- Neelys Landing man shot, killed by highway patrol trooper after traffic stop (05/01/16)43
- Cape student sues, accuses school officials of slamming her to ground multiple times (04/28/16)49
- Missouri House votes to allow concealed weapons without permits (04/28/16)8
- Neighbors mystified over why man was killed by state trooper (05/03/16)20
- River Ridge Winery changes hands (05/02/16)
- Police report filed, but no charges in incident at Cape Central (04/29/16)40
- 2016 All-Missourian Boys Basketball (04/29/16)
- Statement: Man says cops’ good work drove him to grow his own marijuana (05/01/16)1
- Senator introduces bill for I-57 that would connect Sikeston with Little Rock (04/28/16)4
- 'American Pickers' visits Poplar Bluff (04/29/16)
D-Day memorial creditors near agreement
BEDFORD, Va. -- The National D-Day Memorial Foundation and its top creditors said Thursday they will find a payment agreement that should pull the beleaguered monument out of bankruptcy protection.
"It hasn't been easy, taking care of this debt," said Clif Coleman, president and chief executive officer of Coleman-Adams Construction, the memorial's largest creditor with $1,961,701 still unpaid. "But we'll get our money in time."
With the agreement, foundation officials said they expect to pay the memorial's $3.9 million debt to their 40 creditors in five years.
Memorial president William McIntosh said he expects much of the debt to be repaid in 12 to 14 months, if donations pick up as hoped now that the bankruptcy is settled.
"When you're in a fragile situation, it's always difficult to convince donors that everything is going to be OK," McIntosh said.
The settlement calls for Coleman-Adams and memorial architect Byron Dickson to receive an additional bonus if they're not paid within 30 months, foundation lawyer Rich Maxwell said.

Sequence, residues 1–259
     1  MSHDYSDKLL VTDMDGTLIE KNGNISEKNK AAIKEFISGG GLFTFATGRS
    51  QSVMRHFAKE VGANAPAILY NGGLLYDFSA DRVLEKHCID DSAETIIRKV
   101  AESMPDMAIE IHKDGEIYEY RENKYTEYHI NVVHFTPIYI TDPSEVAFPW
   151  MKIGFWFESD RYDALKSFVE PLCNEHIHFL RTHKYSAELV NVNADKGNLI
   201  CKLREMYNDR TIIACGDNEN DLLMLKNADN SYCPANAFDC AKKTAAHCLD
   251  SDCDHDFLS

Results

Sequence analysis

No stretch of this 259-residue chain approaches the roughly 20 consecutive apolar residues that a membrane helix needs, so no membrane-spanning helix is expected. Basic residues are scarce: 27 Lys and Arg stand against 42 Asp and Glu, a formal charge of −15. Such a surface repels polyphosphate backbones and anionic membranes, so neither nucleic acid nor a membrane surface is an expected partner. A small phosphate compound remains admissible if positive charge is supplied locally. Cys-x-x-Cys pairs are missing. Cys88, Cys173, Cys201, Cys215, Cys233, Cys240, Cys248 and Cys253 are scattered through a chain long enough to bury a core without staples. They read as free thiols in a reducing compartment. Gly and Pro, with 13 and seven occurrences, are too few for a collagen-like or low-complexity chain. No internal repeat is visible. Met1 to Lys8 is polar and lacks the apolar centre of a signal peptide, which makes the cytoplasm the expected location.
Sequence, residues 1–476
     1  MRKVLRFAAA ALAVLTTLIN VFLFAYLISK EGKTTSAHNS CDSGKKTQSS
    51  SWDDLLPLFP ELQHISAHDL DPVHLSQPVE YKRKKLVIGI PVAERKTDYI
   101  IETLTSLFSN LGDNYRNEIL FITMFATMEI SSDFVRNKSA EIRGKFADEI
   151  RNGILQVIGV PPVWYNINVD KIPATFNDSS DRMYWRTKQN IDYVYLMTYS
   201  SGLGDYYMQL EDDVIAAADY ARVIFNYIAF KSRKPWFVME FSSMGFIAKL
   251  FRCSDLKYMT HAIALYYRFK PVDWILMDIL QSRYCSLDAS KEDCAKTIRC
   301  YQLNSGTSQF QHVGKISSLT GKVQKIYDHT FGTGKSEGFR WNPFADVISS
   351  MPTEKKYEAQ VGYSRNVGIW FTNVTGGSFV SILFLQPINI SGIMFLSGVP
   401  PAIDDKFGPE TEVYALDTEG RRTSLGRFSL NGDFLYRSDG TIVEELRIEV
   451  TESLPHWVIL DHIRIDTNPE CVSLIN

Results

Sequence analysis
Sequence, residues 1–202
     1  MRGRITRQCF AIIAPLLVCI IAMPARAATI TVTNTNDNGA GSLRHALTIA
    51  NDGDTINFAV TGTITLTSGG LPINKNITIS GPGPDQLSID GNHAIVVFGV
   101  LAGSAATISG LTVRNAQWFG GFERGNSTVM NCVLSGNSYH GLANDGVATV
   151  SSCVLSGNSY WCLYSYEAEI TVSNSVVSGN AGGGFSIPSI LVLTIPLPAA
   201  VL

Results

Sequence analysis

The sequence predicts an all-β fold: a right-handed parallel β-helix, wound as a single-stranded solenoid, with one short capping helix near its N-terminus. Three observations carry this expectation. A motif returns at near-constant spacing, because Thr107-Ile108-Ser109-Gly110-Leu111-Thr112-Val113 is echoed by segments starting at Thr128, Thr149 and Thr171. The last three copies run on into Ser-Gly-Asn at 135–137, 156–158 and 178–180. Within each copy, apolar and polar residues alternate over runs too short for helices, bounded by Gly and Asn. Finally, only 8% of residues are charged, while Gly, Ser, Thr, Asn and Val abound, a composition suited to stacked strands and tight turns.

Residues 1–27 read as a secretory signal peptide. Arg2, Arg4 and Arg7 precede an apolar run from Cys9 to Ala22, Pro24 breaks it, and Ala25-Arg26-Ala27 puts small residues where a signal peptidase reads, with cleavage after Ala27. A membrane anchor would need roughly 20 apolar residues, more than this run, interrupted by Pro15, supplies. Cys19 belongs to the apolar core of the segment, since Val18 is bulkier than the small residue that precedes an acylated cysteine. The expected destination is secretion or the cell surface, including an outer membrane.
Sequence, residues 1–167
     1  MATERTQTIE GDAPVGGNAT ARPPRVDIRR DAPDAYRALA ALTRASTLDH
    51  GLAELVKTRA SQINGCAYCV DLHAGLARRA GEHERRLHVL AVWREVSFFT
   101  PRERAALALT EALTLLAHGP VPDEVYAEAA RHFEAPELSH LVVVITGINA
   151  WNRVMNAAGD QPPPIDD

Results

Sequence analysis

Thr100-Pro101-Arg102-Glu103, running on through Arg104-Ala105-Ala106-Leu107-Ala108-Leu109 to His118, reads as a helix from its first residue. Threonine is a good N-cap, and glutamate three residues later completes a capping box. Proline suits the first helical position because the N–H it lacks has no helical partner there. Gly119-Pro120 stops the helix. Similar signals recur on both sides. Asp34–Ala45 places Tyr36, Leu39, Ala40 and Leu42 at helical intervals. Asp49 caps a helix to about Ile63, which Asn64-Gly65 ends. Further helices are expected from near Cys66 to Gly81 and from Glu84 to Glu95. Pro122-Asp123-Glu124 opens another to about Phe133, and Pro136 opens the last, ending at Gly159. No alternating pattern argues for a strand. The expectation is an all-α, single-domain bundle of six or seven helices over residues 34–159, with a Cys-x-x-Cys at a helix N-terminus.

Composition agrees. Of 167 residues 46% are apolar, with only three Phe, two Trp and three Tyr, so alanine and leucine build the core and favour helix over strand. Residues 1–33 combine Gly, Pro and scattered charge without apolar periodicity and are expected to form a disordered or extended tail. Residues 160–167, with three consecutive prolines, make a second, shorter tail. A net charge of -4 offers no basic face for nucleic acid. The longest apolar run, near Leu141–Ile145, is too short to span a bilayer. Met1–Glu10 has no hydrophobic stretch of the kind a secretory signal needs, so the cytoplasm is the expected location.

The $25 million memorial honoring the Allied invasion of Normandy during World War II was in massive debt even before President Bush helped dedicate it on June 6, 2001.
In its rush to complete the sprawling campus of polished granite and bronze soldier statues, foundation officials built on borrowed money in hopes that future donations would pay off the mounting costs.
As donations lagged, the memorial's debt ballooned to $7 million in 2001.
Neither Coleman-Adams nor Dickson have been paid for their work on the memorial in a year. But both said despite the financial problems, they hope to continue to complete the monument in the future.
"I'm in love with this project," Dickson said. "I've spent 12 years working on it. I wouldn't leave now."
Maxwell said he will ask the federal bankruptcy court in Lynchburg to conditionally approve the settlement as soon as possible. The memorial's creditors would have to approve the settlement before the foundation is officially lifted from Chapter 11 bankruptcy.
In addition to the lingering debt, the memorial's troubles will continue until federal authorities decide whether or not to retry former President Richard B. Burrow for allegedly obtaining loans illegally to help pay construction costs.
Burrow's first trial for fraud ended in December with a hung jury.
On the Net: